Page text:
Raider roundup: Where are they now?

Former Wright State student-athletes reflect on their days of competition and life after sports

Every former student-athlete has a story.

For some, their success in intercollegiate sports launched professional careers and the fulfillment of childhood dreams. For others, their days of Raider competition and camaraderie are cherished memories from a time long before they went on to accomplished careers outside of sports. And then there are those student-athletes whose days of competition came to a crashing halt when a painful injury ended it all.

However their Wright State journey started and ended, the Raider family of student-athletes continues to make its mark throughout the Dayton region, Ohio, and beyond.

Four former Raiders share how they’re making an impact in the world today.

Joe Smith and Allie LaForce with their child Jacob Michael Smith.

Joe Smith

Former Major League Baseball star is on a crusade to end Huntington’s disease

When it comes to former Wright State baseball players, Joe Smith is undoubtedly one of the most successful. The right-handed sidearm pitcher has played for the New York Mets, Cleveland Indians, Los Angeles Angels, Chicago Cubs, Toronto Blue Jays, Houston Astros, Seattle Mariners, and Minnesota Twins.

While pitching in the 2019 World Series for the Astros may be the highlight of his Major League Baseball career, Smith’s greatest legacy will likely be far away from a pitcher’s mound.

Smith and his wife, TNT sports reporter Allie LaForce, created the HelpCureHD Foundation with the goal of ending Huntington’s disease (HD), one family at a time. For the sports power couple, it is a personal mission that hits extremely close to home.

Smith lost his mother and maternal grandmother to HD, a fatal genetic disorder that causes the progressive breakdown of nerve cells in the brain. The disease—for which there is currently no cure—robs a person of their physical and mental abilities.

“It’s devastating for the person going through it,” said Smith. “The disease progresses and just cripples and takes away your life.”

HD also wreaks devastation on the entire family. Smith’s mother, Lee Smith, had to be admitted to a long-term care facility at age 59. She passed away in August 2020, just before her 62nd birthday.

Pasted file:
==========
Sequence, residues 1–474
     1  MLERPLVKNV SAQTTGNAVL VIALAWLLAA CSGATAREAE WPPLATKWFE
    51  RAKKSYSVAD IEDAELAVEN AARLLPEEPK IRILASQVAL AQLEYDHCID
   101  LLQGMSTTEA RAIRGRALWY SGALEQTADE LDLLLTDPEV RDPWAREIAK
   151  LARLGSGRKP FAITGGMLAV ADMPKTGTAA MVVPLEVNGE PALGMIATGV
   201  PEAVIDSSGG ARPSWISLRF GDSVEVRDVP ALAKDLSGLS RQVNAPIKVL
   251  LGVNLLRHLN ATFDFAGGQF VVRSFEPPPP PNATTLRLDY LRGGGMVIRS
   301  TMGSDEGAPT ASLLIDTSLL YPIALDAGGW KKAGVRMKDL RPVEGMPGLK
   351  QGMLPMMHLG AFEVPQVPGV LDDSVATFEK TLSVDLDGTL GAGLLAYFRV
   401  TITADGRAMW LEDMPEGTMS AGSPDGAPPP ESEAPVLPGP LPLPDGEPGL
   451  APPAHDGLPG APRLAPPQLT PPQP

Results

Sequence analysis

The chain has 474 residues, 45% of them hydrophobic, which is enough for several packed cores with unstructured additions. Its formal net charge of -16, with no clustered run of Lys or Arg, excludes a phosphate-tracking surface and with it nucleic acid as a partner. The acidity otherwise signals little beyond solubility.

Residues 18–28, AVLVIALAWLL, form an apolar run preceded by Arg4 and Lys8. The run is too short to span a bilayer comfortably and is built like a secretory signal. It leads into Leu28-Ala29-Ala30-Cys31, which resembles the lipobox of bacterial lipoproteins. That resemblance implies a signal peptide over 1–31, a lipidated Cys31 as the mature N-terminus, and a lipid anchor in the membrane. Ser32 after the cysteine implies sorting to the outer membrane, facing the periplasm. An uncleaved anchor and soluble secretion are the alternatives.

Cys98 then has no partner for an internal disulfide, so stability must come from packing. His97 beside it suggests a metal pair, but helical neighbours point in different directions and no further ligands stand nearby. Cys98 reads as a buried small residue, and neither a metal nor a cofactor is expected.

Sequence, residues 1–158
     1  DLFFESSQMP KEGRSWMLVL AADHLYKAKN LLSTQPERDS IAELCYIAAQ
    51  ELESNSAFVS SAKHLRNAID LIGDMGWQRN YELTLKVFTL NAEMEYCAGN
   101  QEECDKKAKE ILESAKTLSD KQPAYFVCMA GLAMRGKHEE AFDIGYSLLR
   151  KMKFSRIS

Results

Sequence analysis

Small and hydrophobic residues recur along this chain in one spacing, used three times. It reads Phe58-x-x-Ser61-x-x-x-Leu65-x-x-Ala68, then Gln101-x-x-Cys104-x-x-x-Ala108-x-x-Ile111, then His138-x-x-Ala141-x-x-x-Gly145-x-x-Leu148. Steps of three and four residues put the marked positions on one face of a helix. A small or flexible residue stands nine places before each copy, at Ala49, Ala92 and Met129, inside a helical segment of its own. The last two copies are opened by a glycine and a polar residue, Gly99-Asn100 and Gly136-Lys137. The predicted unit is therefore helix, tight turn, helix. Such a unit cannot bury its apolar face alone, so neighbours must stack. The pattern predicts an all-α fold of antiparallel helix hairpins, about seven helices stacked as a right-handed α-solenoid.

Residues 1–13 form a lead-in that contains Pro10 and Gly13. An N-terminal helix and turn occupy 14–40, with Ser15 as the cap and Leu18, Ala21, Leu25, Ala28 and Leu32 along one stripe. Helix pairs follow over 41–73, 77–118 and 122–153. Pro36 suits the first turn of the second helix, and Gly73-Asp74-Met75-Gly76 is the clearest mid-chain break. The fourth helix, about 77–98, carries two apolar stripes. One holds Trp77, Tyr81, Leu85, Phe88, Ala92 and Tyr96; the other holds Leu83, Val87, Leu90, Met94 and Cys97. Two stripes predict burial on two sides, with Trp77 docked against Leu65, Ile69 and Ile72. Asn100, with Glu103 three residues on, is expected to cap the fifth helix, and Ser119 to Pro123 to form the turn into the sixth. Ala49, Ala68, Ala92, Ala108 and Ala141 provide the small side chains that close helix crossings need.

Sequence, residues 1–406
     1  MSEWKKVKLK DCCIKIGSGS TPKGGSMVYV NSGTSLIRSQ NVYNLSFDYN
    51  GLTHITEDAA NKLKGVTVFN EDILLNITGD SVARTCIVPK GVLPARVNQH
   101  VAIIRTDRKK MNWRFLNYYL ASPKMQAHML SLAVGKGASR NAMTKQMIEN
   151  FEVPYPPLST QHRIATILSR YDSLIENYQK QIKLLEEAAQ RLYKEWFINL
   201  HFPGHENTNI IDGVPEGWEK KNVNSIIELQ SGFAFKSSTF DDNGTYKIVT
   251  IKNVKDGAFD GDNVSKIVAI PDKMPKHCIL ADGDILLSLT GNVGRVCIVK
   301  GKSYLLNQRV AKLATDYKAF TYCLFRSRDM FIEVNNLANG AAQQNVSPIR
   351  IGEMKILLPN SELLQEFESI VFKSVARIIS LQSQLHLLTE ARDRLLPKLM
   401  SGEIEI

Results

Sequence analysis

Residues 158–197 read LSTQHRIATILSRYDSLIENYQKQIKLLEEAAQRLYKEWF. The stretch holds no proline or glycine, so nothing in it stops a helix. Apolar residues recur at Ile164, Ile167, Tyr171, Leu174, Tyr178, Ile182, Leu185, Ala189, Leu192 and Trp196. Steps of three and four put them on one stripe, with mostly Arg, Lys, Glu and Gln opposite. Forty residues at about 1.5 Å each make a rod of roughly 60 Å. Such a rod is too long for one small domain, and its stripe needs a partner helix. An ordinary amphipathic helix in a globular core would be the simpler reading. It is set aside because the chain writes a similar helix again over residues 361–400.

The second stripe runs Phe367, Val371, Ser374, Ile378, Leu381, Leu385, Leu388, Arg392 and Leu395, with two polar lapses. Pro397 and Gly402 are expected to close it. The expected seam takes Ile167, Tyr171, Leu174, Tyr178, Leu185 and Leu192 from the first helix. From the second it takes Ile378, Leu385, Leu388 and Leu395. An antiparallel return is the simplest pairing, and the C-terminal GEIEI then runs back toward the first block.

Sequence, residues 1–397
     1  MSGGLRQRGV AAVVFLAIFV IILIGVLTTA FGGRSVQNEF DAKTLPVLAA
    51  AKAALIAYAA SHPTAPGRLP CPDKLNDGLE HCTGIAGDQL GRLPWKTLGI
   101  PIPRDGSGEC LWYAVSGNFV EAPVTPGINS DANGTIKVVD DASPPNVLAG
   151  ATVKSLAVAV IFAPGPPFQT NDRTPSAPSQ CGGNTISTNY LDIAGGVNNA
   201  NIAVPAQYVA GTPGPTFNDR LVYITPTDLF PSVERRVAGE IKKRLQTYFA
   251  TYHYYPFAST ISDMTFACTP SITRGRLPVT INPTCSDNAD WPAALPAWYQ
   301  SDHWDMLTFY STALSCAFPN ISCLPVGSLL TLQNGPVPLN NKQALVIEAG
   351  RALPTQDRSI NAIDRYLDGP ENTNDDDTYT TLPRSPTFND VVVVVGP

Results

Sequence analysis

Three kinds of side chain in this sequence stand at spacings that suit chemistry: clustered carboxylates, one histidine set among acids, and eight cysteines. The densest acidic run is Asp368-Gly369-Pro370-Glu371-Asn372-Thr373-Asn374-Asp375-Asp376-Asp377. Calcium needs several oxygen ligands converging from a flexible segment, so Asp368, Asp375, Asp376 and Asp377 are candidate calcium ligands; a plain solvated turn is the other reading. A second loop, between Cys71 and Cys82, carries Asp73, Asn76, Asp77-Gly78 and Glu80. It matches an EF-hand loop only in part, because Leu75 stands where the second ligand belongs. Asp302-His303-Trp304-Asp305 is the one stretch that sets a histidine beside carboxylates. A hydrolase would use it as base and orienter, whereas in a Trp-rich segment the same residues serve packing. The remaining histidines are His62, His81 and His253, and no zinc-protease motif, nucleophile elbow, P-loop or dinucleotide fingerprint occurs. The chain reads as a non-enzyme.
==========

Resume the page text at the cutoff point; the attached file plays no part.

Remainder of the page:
Smith and LaForce say they are determined to do all they can to prevent other families from enduring the pain and heartbreak of losing a loved one to HD. Through their foundation, they have awarded nearly 130 grants to help families undergo in vitro fertilization (IVF) with genetic testing so HD is not passed along to the next generation.

“Once you have a child without Huntington’s, it stops in your family line,” said Smith, who has a 50/50 chance of inheriting HD. “I just want it out of the world. I don’t want anybody to go through it.”

Without assistance from HelpCureHD, IVF is a cost-prohibitive process many families cannot afford. Each round of IVF can cost anywhere from $35,000–40,000, and most insurance plans do not cover it.

Along with creating a financial burden for families, IVF can take an emotional toll as well.

“It’s tough. It’s a long journey,” said Smith, who has stood by LaForce’s side during three rounds of IVF. In November 2022, Smith and LaForce finally welcomed their own HD-free bundle of joy, Jacob Michael Smith.

As LaForce announced baby Jacob’s birth and shared his first photos with the world on her Instagram account, her words said it best: “Life is complete.”

To learn more about the HelpCureHD Foundation, visit

Winston Marshall

Winston Marshall ’05

Former Wright State soccer star dreams of being on the big screen

While soccer may have been Winston Marshall’s first love, scoring goals was not his only dream in life.

Born and raised in Toronto, Marshall had always been interested in acting. But as Marshall’s time became more consumed with soccer, acting aspirations were put on the back burner.

Marshall became so skilled at soccer that he was recruited by both the Canadian youth national soccer team and Wright State. And he was disciplined enough to play for both.

Marshall’s freshman year at Wright State became a delicate balancing act between school, soccer, and travel. In between his Wright State classes and soccer matches, Marshall would play with his Canadian teammates in such faraway places as Ireland or Germany.

As busy as he was, Marshall even managed to earn Horizon League Player of the Week in a win against the University of Illinois Chicago.

“It made me believe that I could play at the highest of levels in the Horizon League and in college soccer,” he said.

Marshall was the first Wright State player drafted by a Major League Soccer team. But when he was first approached by FC Dallas, Marshall was torn between whether he should play professionally or stay in school and graduate.

He chose the latter.

“It was so important to my parents and myself that I graduated and earned a degree,” explained Marshall, who earned a bachelor’s degree in marketing. “I got to finish school, make my parents proud, and then go to Dallas.”

Marshall played for FC Dallas for one season. It was a short-lived professional soccer career as Marshall already knew what he wanted the next chapter of his life to be—acting.

“I had never even intended to go pro,” he said. “But I gave it a try, and I can always say I did it.”

Marshall began taking acting classes while in Dallas. At an acting workshop, he met Fran Bascom, a casting director for the daytime drama Days of Our Lives. Impressed with Marshall’s acting chops, Bascom offered to help him get work once he moved to Los Angeles.

“True to her word, she gave me my first-ever television role,” said Marshall, who landed a small recurring role on Days of Our Lives.

Marshall also appeared on the daytime drama The Bold and the Beautiful and in the television series Covert Affairs and Nikita.